Cold front could impact Eastern Open at Harris Chain

unnamed.jpg

Seigo Saito
More than 225 pro and co-anglers will be competing in the Basspro.com Bassmaster Eastern Open Jan. 24-26 on the Harris Chain of Lakes out of Leesburg, Fla.

LEESBURG, Fla. — There’s a reason Florida-strain largemouth are stocked in major fisheries from Texas to California — their massive growth potential. But on the downside, these green monsters are a bit soft when it comes to cold weather, a truth that may impact the course of events during the Basspro.com Bassmaster Eastern Open at Harris Chain of Lakes.

Competition days will be Thursday through Saturday, with daily takeoffs at 7 a.m. ET from Venetian Gardens and weigh-ins Thursday and Friday at Ski Beach Park at 3 p.m. Saturday’s weigh-in will take place at the Bass Pro Shops in Orlando at 4 p.m.

With more than 75,000 combined acres, the Harris Chain offers a diverse array of habitat from offshore grass, humps and holes to shallow hydrilla, cattails, docks, wood and bridges. Spawning areas are plentiful, but South Carolina pro Jason Williamson is not looking for a lot of bed-fishing opportunities. Reason being, a major cold front making its way through the Eastern United States could send Central Florida air temperatures to below freezing during its Sunday or Monday arrival.

“It’s going to be warm by tournament time, but it’s not going to be a warming trend leading up to the event; it’s actually going to be an event starting on the tail end of a cold front,” said Williamson, who is also a regular on the Bassmaster Elite Series. “My outlook is that there are going to be a lot of big fish caught — it’s Florida, it’s the Harris Chain — but I don’t know if it’s going to warm up quickly enough to bring sight fishing into play.”

The area is expected to quickly recover, with daytime highs reaching the upper 70s again by Wednesday. The key, however, will be how quickly water temperatures regain what the front steals.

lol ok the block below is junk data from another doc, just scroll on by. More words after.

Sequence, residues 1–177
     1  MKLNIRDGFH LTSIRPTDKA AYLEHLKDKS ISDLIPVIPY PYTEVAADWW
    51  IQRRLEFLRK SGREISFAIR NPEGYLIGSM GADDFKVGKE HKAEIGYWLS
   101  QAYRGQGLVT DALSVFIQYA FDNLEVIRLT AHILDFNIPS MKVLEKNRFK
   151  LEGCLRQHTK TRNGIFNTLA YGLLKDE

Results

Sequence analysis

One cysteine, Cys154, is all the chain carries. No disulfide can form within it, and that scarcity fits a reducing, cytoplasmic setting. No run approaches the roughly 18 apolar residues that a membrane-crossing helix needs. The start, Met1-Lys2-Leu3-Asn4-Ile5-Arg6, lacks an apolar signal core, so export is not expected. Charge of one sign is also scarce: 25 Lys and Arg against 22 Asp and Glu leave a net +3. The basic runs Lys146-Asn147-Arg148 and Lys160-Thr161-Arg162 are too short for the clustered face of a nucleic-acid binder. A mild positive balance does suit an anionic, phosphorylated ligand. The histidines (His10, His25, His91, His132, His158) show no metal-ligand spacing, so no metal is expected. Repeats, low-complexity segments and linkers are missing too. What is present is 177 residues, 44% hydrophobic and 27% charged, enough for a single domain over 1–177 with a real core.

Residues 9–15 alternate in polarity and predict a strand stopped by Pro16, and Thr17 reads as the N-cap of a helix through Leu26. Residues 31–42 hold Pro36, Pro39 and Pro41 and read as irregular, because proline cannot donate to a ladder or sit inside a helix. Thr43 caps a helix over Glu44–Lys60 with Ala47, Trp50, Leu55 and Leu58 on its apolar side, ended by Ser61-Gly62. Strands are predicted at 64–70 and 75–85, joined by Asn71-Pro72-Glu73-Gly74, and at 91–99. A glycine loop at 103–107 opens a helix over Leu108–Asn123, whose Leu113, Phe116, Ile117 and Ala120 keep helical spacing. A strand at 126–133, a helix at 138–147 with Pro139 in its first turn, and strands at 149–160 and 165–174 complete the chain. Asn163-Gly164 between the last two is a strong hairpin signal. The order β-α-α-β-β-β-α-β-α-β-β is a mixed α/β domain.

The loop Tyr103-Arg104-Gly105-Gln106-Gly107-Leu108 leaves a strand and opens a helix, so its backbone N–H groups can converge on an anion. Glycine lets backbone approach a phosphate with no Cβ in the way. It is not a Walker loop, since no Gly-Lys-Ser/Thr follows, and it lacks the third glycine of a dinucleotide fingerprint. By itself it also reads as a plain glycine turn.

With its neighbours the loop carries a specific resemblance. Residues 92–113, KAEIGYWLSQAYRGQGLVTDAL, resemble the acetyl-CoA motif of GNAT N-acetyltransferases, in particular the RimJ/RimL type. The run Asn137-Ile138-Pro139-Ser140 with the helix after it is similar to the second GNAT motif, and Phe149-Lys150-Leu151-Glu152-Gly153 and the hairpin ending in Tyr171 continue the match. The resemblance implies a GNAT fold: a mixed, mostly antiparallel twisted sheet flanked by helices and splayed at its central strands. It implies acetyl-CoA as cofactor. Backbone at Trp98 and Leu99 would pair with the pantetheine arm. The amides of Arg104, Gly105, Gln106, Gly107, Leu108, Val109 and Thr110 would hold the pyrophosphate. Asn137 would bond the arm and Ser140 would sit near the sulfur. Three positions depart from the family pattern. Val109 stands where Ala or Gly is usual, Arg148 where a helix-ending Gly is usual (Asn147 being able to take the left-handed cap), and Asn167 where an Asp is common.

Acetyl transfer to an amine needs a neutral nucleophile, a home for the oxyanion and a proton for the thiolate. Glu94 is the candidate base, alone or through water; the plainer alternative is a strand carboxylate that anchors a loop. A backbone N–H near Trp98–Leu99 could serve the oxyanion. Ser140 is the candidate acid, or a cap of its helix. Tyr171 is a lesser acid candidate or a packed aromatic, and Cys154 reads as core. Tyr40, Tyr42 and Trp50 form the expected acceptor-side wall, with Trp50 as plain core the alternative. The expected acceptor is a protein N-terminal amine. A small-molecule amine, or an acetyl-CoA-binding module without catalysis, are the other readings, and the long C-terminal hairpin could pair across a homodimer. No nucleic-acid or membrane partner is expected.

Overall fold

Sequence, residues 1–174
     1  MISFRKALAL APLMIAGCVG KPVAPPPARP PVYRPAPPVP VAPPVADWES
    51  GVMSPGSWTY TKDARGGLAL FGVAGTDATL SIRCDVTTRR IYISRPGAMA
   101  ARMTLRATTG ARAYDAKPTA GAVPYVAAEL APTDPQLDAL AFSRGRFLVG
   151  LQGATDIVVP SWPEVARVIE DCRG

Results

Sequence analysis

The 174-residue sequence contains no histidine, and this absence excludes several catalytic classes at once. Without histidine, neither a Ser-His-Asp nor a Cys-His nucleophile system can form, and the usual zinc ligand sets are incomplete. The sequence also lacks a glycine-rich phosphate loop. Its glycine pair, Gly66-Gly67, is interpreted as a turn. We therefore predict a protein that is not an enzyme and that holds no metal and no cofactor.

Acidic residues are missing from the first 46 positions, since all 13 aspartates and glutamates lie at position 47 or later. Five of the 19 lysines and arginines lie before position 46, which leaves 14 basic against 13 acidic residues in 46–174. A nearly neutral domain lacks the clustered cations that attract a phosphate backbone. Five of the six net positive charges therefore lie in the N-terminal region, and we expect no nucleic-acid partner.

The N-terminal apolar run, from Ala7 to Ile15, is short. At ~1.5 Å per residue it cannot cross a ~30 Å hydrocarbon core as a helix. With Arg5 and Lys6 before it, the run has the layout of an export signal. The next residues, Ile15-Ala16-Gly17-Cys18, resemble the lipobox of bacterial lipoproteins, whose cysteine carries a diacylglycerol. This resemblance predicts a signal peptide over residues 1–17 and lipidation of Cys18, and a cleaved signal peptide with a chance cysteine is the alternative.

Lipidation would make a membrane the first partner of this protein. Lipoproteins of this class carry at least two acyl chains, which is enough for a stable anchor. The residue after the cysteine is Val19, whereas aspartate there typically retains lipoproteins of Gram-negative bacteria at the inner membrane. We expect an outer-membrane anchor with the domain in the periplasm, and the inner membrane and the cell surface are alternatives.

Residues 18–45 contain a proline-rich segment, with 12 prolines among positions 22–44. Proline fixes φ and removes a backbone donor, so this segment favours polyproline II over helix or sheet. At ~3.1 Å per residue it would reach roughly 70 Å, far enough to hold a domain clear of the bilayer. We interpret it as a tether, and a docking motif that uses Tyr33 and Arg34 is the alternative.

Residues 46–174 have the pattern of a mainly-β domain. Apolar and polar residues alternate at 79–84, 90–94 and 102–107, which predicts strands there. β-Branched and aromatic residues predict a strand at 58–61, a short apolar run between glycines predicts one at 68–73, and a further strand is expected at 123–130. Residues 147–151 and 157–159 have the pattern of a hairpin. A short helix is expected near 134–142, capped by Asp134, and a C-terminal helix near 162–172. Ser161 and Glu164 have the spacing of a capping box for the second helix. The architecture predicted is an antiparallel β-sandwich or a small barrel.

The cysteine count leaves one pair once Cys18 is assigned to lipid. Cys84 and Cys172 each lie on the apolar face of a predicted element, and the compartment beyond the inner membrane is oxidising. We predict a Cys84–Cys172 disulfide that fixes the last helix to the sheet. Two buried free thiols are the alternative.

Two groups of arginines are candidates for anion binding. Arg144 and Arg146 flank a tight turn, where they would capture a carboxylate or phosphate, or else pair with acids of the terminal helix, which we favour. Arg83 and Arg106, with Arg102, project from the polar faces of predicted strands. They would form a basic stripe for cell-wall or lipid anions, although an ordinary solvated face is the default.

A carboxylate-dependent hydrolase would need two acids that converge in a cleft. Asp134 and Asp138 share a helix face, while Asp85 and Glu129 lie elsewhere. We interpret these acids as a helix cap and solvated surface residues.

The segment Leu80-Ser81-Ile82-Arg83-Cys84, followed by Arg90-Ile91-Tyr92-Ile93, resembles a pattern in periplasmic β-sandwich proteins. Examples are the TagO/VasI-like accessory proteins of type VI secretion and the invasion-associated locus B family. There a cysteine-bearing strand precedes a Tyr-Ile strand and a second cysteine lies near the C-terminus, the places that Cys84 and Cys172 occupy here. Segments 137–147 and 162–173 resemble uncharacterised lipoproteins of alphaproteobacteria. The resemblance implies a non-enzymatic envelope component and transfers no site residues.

If Florida bass don’t have at least upper 50s — preferably 60-plus — they won’t be spawning.

“I think it will be a prespawn tournament,” Williamson said. “I’m sure some of the fish have already spawned, but the guy who finds the prespawn females that are fattened up and ready to go is the guy that’s going to weigh in a 30-pound bag and that’s going to carry him all the way to the final day.

“A lot of guys are going to have (smaller bags), but in Florida, you gotta get a big bite. I love to sight fish there, but I just don’t think it’s going to warm up enough for a bunch of fish to make a major move.”

Ultimately, Williamson says he believes the event will be won offshore by focusing on deeper grass with bait schools present. Intentionally snagging and ripping crankbaits or bladed jigs through the vegetation usually triggers reaction bites from staging prespawn bass, while dragging a lizard or creature bait on a long-leader Carolina rig will also deliver.

“If the weather were to stay warm, I think it would allow all the guys to compete by fishing shallow,” he said. “But in my opinion, the cold front will give the locals a little bit of an advantage by knowing where the offshore shell beds and isolated clumps of hydrilla are.”

The Harris Chain’s sheer vastness can be overwhelming, but Elite Series angler Chad Pipkens of Michigan says he’ll approach his first visit with a strategy focused on time management. He’s fared well in past Elite Series events in Florida, so he’s bringing the same disciplined game plan to this tournament.

“Florida is all about finding an area,” Pipkens said. “Those fish move up and down so much throughout the day, it’s not a place where you run and gun. It’s a place where you need to find your area, mill around and change with the conditions.

“My plan is to see which areas can funnel fish in to spawn and then pay attention to the details in front of those areas — the offshore grass lines, points and humps. I don’t want to have to run from one lake to another to another, but I’d like to find an area or two with the right habitat.”

Pipkens expects a jerkbait and bladed jig to produce, but he’ll also keep a topwater bait handy in case the late-week warmup spurs a surface bite. Elsewhere, pitching a stickbait and swimming a worm will handle his shallower searches.

The local host for the event is Lake County, Fla.